Removing & installing an over-the-range microwave with one technician

Image
Fred's Appliance Academy
August 25, 2023
Microwave Training

The first order of business when servicing an over-the-range microwave is to protect the range at all costs. Here, I'm placing a shipping blanket over the top of the range to protect it, and this should always be done with the breaker to the range turned off. In the instance that one of the burner knobs is accidentally turned on, by the time you smell it, the damage is already done.

Next, you're going to want to place a two or three-step ladder in front of the range so we can gain access to above the microwave. Now with access to the cabinets above the microwave, we're going to go ahead and disconnect the microwave from power. And I will say that usually these cabinets are packed full of stuff, so for the video I went ahead and emptied them out ahead of time.

Next, I'm going to go ahead and take the glass tray and rollers it sits on out of the microwave, and this process can really be done at any point in time before the microwave is actually dropped.

Next, I'm going to remove the two bolts that are securing the microwave to the cabinet. And these bolts, as you can see right there, are located in the front-left and front-right corners of the cabinet. For this process, I do recommend that you use a small compact drill or electric screw gun as the bolts are fined threaded and it can take quite some time to remove them with just a hand tool. Now that the bolts are removed, I'm going to press against the microwave and walk down the ladder and gently let the microwave roll down and forward toward me. With the microwave leaning forward, we can now pull the power cord out through the bottom of the cabinet, and once this is done, the microwave is ready to be lifted off of the rear bracket and set gently down on top of the blanket we've placed on top of the range.

At this point, the microwave is a hundred percent accessible and ready for service. At this point, the microwave is ready to be reinstalled and I'm going to open the door as well as take the power cable and run it back up into the cabinet. And this is not always an option. Sometimes the cable is too short, so what you would do is hang the microwave back on the wall mounts and then run the power cable back up into the cabinet. The reason why I do this process with the microwave door open is that all of the weight in the microwave is located behind the control panel, in this case towards the right. So by putting my hand inside the microwave cavity all the way to the right, I can balance some of that awkward weight of the microwave. You may have noticed that I just looked underneath the microwave and that was to ensure myself that the microwave was in fact on the hangers, and you can see those hangers in the upper right-hand corner here.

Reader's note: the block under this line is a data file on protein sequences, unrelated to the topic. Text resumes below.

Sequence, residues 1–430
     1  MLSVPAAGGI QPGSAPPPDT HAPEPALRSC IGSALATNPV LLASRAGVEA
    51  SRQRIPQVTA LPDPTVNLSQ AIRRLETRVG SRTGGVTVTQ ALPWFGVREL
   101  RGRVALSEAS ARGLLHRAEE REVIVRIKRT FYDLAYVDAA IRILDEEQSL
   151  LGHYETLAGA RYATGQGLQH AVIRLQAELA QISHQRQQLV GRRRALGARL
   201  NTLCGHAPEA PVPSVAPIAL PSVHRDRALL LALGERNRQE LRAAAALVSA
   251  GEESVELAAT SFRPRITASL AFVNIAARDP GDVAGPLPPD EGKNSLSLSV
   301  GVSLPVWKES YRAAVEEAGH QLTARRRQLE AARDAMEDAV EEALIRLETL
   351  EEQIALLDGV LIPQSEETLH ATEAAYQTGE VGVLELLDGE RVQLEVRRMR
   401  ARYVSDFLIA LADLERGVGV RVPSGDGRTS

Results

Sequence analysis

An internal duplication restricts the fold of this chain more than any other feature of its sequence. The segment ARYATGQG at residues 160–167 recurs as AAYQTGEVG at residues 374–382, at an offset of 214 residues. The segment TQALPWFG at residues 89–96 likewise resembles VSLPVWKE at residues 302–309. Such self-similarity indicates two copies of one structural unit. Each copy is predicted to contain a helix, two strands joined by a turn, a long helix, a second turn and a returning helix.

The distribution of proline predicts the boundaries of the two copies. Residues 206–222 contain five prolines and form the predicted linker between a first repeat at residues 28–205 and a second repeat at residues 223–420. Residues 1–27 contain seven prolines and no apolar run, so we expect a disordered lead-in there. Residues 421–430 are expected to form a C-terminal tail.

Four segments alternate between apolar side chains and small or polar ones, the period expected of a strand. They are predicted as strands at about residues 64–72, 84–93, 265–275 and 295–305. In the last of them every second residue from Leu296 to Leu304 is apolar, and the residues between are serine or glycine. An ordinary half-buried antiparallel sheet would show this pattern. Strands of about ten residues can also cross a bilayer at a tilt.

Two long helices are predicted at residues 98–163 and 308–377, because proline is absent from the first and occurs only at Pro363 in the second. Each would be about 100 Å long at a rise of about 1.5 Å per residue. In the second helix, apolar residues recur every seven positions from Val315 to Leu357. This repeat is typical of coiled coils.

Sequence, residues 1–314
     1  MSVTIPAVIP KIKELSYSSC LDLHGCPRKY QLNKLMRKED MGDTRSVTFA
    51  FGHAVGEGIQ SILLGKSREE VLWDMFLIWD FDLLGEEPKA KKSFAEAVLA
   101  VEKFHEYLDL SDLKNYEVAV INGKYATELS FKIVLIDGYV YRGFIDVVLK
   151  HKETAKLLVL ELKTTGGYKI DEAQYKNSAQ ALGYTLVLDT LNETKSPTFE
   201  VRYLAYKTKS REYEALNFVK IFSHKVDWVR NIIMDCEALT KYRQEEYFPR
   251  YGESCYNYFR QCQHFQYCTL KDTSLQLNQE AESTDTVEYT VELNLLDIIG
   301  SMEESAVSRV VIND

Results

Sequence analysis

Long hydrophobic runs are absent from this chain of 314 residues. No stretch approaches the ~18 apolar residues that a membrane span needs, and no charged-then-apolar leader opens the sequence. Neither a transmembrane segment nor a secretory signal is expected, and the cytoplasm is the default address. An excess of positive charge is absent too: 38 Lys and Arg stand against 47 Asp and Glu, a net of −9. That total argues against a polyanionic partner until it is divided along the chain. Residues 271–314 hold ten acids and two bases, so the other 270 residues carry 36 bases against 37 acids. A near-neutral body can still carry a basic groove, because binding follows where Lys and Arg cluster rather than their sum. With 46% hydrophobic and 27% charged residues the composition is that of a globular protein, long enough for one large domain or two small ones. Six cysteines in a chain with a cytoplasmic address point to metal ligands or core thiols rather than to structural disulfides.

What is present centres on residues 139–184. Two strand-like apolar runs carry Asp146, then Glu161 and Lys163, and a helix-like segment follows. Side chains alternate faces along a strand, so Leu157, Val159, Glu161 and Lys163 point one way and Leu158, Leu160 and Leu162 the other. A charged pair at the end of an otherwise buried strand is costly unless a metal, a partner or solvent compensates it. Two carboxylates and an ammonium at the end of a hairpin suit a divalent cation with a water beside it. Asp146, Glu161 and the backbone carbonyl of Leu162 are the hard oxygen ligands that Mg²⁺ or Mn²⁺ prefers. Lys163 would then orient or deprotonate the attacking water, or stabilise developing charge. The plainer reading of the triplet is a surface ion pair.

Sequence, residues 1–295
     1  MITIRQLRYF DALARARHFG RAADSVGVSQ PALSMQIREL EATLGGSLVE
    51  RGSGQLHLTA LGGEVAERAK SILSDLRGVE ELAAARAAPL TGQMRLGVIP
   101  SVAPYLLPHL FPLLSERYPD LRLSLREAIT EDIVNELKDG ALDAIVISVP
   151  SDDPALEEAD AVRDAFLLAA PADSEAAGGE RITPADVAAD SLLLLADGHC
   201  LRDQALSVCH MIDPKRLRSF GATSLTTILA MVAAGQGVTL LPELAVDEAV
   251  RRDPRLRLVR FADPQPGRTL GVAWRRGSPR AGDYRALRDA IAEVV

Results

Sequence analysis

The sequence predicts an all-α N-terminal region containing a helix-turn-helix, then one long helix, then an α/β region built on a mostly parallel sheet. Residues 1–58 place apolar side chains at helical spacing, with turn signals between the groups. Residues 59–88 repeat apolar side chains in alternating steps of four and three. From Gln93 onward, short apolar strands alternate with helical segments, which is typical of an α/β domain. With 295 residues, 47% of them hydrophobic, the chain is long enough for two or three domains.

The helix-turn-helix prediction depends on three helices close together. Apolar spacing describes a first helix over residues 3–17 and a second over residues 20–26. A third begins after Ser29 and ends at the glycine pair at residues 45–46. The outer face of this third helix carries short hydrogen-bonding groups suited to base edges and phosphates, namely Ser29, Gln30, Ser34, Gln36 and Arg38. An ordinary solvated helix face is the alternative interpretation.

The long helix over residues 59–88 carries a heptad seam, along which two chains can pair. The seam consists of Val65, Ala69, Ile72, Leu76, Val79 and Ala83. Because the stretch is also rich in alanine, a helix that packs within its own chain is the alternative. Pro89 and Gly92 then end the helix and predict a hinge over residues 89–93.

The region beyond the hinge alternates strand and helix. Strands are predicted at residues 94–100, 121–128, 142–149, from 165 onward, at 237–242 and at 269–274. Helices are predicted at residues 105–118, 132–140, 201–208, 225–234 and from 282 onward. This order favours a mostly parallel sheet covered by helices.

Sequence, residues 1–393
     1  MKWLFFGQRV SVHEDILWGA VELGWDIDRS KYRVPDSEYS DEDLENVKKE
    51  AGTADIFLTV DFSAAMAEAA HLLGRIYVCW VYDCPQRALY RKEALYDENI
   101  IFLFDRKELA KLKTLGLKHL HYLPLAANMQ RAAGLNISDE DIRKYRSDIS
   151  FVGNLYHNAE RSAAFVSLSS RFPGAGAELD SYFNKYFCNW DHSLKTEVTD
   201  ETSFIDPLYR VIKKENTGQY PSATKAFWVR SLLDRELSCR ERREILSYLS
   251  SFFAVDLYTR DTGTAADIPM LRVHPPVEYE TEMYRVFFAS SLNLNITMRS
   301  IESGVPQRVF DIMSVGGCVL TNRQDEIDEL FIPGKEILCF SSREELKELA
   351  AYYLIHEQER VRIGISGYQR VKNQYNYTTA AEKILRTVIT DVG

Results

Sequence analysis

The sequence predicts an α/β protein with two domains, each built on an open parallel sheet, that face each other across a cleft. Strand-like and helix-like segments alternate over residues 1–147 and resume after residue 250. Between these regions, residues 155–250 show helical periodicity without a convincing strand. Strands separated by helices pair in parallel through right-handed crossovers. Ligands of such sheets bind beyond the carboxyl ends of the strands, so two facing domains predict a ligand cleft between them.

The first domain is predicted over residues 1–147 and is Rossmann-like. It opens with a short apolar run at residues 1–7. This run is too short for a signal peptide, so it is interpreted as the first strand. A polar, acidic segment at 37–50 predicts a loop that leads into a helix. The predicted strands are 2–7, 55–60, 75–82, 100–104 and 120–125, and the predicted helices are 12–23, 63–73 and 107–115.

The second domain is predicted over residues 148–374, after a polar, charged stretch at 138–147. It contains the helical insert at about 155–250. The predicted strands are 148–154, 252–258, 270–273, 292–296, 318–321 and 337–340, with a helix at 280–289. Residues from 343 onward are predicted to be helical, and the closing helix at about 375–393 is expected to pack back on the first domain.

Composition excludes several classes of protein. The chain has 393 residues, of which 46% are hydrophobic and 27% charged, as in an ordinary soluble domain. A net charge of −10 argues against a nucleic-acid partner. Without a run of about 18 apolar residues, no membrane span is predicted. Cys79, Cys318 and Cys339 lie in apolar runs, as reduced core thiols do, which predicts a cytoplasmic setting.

Getting the microwave back on the hangers can be a little bit difficult of a task and just taken into consideration that I've uninstalled and reinstalled hundreds of microwaves With the microwave now back in position, we can reinstall the bolts to secure it back to the cabinets. Again, to do this, I'm using a small compact drill as it's much faster than using traditional hand tools. With the microwave now secure, we're going to go ahead and plug it back in, close the door, reset the clock, and shortly give it a test run. One of the things I want to point out here is that I actually almost leave my drill in the cabinets above the microwave, and that can be rather a pain in the butt when you get to your next call and realize you don't have the tools you need to do the job and you have to backtrack to the previous customer's house. And you also need to take into consideration that the customer may not be home.

Here, I'm going to go ahead and place the rollers and tray back inside the microwave cavity and make sure they're properly aligned. This next step is crucial to being a professional, and it's as simple as how I fold this blanket. And if you notice, I fold the blanket in and over itself, and that's if I have knocked down any debris while I was working on the microwave, I folded it into the blanket and didn't allow it to go on top of their range or around their cabinets.

Of course, anytime you make a repair on a microwave, you want to test it, and I'm just doing that with about one-half a cup of water and about 60 seconds of run time on the microwave. Ideally, you would test the microwave before you hang it back up, but I didn't actually do anything to my microwave, so I knew that it was going to work when I put it back up. A pretty standard output test for your microwave is one cup of water at room temperature, and you're going to run it and it should achieve a boil in about three minutes of runtime on high. The last step to being a professional is to get your grimy fingerprints off that microwave or at least ask the customer if they would like you to do so.

Spread the love